Australia’s energy minister is keeping coy on how much the nation’s emissions will reduce by through his new technology plan.

Angus Taylor used a speech to the National Press Club on Tuesday to outline the priority technologies the government will back in a bid to cut emissions by 250 million tonnes a year by 2040.

But he won’t say how much of the 250 million tonnes of emissions are local or global.

“It’s a mix of both … we’ll be putting out more detail,” Mr Taylor told Sky News on Wednesday.

A “good proportion” was Australia’s emissions, he said.

Mr Taylor argues reducing emissions is a global problem, often pointing to Australia’s 1.3 per cent input to world levels.

Former prime minister Malcolm Turnbull says Australia still does not have a coherent energy and climate policy despite the Morrison government’s new plan.

He says the $18 billion technology roadmap falls far short of the national energy guarantee policy which Mr Taylor “helped wreck”.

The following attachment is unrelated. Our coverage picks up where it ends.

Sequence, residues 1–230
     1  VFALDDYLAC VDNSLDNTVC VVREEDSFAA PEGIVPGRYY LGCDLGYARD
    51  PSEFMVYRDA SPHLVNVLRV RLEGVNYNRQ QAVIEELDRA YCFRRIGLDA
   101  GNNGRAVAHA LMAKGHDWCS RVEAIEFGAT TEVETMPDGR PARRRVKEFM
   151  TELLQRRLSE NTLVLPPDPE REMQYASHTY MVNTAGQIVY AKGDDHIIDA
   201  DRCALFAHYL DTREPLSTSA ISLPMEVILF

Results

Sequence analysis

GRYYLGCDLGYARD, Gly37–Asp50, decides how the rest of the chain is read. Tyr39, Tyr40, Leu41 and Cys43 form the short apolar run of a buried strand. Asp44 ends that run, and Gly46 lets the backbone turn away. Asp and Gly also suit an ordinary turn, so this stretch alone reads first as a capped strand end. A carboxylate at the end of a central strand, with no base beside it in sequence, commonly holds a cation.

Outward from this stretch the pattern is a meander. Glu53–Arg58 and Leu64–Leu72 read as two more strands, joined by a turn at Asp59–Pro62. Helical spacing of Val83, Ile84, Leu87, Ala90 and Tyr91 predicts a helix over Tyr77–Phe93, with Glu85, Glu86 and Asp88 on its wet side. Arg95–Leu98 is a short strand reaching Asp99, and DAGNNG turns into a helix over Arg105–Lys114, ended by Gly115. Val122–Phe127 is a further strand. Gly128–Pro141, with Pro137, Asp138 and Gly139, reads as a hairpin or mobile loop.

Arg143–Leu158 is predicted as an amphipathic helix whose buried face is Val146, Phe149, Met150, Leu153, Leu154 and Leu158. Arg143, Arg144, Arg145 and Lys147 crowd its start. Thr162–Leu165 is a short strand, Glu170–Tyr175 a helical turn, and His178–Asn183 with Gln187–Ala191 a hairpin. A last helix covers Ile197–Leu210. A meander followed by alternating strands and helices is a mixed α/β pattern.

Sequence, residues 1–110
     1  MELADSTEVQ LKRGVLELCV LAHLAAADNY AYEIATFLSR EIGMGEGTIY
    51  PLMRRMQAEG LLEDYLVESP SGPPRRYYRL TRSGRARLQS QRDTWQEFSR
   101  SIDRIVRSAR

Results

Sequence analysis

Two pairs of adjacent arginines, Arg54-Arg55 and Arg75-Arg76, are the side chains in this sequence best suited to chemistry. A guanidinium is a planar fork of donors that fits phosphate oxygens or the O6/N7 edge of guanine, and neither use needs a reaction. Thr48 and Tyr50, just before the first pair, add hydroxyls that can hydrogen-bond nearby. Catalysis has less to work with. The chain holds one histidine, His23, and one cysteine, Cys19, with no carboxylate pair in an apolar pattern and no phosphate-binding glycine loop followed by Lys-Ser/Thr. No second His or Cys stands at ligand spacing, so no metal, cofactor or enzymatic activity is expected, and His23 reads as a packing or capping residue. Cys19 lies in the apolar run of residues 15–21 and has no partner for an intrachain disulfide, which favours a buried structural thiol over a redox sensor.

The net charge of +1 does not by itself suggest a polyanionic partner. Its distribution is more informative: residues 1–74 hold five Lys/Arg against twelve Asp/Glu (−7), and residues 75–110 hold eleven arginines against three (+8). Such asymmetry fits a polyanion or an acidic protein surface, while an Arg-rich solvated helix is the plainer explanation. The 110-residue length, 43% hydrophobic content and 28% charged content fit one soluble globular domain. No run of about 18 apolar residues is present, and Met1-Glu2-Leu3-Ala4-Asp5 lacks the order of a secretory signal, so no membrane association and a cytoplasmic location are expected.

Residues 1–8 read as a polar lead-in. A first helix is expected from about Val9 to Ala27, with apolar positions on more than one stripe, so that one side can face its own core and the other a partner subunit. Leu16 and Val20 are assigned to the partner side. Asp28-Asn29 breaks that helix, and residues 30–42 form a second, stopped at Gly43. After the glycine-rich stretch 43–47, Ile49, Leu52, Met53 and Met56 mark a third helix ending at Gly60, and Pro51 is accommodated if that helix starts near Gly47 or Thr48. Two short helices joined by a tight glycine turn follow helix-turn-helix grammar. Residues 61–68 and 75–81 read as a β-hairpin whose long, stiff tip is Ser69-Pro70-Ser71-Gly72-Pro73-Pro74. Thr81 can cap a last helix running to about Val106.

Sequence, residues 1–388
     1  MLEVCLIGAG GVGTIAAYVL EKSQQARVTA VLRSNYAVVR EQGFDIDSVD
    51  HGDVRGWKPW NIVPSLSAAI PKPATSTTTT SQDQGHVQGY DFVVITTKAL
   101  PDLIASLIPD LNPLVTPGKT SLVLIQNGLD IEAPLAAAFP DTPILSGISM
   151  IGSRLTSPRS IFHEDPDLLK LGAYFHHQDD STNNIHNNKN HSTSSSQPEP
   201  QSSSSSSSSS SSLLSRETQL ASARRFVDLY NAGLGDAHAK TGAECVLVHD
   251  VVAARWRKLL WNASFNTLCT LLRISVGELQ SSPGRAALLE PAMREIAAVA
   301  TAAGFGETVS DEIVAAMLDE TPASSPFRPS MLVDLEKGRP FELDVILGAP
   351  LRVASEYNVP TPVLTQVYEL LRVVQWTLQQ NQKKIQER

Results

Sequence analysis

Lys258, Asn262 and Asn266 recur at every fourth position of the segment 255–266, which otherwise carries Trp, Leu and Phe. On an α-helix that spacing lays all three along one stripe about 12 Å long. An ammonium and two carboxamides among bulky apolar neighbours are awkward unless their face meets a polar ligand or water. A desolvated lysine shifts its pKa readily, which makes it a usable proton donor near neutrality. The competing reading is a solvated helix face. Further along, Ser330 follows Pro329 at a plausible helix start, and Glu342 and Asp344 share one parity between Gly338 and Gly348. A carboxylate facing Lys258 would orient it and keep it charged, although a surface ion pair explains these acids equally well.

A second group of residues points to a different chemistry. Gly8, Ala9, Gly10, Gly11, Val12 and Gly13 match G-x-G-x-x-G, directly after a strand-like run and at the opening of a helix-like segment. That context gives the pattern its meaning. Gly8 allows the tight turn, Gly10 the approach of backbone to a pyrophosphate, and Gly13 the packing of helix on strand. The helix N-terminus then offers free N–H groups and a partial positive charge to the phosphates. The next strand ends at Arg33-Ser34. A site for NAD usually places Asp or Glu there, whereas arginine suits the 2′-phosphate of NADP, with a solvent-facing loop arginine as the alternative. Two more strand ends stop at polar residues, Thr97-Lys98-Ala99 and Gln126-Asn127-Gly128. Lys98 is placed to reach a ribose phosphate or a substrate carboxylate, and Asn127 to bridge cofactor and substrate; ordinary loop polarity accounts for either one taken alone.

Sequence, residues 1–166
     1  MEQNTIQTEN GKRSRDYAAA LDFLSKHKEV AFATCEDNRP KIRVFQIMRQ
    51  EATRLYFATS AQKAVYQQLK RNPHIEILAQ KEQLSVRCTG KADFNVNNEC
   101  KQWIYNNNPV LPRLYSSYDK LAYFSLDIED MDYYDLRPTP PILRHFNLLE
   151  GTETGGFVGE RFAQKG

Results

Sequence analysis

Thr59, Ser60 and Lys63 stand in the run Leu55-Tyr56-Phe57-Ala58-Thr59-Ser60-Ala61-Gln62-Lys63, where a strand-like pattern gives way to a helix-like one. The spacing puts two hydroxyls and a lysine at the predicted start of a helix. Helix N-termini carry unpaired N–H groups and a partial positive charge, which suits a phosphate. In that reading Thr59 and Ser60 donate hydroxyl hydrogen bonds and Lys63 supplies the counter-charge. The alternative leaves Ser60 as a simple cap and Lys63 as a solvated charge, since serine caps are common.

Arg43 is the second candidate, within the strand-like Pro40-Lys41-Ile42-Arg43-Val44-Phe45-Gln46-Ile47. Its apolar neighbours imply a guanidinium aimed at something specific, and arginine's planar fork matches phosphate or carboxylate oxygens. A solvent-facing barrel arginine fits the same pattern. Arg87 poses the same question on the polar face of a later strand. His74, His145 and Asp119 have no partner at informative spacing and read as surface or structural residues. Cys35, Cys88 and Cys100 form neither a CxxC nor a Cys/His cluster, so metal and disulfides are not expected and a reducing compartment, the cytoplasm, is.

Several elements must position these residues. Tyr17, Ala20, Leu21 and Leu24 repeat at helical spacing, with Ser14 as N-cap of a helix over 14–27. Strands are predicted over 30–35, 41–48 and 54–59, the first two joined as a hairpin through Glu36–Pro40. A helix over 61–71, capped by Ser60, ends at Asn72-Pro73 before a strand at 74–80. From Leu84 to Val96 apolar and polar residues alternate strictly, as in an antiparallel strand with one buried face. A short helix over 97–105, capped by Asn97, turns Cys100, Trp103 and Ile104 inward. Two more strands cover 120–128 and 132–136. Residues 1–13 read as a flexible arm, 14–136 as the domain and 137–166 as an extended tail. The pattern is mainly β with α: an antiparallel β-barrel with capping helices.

“People are just punchdrunk with these random interventions from government – it’s got to stop,” Mr Turnbull told the ABC.

“We need a coherent energy and climate policy. We had that with the NEG, sadly that was blown up in 2018, but that is what we need to get back to and then, I promise you, the market will do its work, and we will have affordable, reliable and low emission energy.”

He said he had spoken with business leaders who believed the Australian energy market was “uninvestable”.

He also rejected the government’s focus on gas, arguing it was priced too high to make it a cheap form of electricity generation.

“The cheap electricity opportunities come from wind and solar, backed by storage – batteries and pumped hydro – and then with gas playing essentially a peaking role.”

The Australian Petroleum Production and Exploration Association said the government’s roadmap appropriately focused on technology to reduce emissions.

“Natural gas-fired generators are flexible technologies which can be easily ramped up and down to meet demand, making them complementary with intermittent renewable energy,” APPEA chief Andrew McConville said.

“Alongside this opportunity at home, exporting natural gas as LNG is allowing our Asian trading partners to reduce emissions in their economies.”

Shadow treasurer Jim Chalmers said the government also missed an opportunity to announce a net zero emissions target by 2050.

“We need to give the business the confidence they require to invest in cleaner and cheaper energy,” he said.

It comes as China, the world’s largest greenhouse gas emitter, has pledged to go carbon neutral by 2060.